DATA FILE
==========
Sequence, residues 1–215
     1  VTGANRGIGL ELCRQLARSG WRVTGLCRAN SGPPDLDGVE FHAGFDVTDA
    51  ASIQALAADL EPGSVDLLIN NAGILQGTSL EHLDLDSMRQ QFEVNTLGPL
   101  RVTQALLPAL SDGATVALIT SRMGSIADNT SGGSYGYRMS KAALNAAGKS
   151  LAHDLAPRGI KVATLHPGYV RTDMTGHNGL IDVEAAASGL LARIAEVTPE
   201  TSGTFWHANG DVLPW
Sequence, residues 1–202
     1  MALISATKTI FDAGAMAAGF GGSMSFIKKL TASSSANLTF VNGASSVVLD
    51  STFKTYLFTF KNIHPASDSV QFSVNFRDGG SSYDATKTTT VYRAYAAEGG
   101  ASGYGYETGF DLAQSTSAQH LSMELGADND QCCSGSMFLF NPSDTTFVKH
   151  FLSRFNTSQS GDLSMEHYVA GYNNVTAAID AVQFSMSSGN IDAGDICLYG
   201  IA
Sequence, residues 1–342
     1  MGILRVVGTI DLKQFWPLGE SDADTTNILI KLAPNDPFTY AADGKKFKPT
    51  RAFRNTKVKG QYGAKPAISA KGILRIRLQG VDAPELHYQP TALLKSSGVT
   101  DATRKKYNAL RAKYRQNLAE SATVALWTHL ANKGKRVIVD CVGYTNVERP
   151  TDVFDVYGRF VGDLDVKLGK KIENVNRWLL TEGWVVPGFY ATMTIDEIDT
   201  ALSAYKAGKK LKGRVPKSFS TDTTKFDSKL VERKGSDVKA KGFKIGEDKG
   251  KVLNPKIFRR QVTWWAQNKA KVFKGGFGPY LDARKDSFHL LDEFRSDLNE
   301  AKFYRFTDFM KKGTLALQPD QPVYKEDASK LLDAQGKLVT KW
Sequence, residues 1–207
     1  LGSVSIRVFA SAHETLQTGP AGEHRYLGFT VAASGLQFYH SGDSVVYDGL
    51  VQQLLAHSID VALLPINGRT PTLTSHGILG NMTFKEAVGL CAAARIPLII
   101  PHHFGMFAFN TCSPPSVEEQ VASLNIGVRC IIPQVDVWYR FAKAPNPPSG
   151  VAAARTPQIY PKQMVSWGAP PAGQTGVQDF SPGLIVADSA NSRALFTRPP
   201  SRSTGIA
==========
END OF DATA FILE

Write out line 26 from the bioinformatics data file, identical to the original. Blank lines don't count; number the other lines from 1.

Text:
   201  SRSTGIA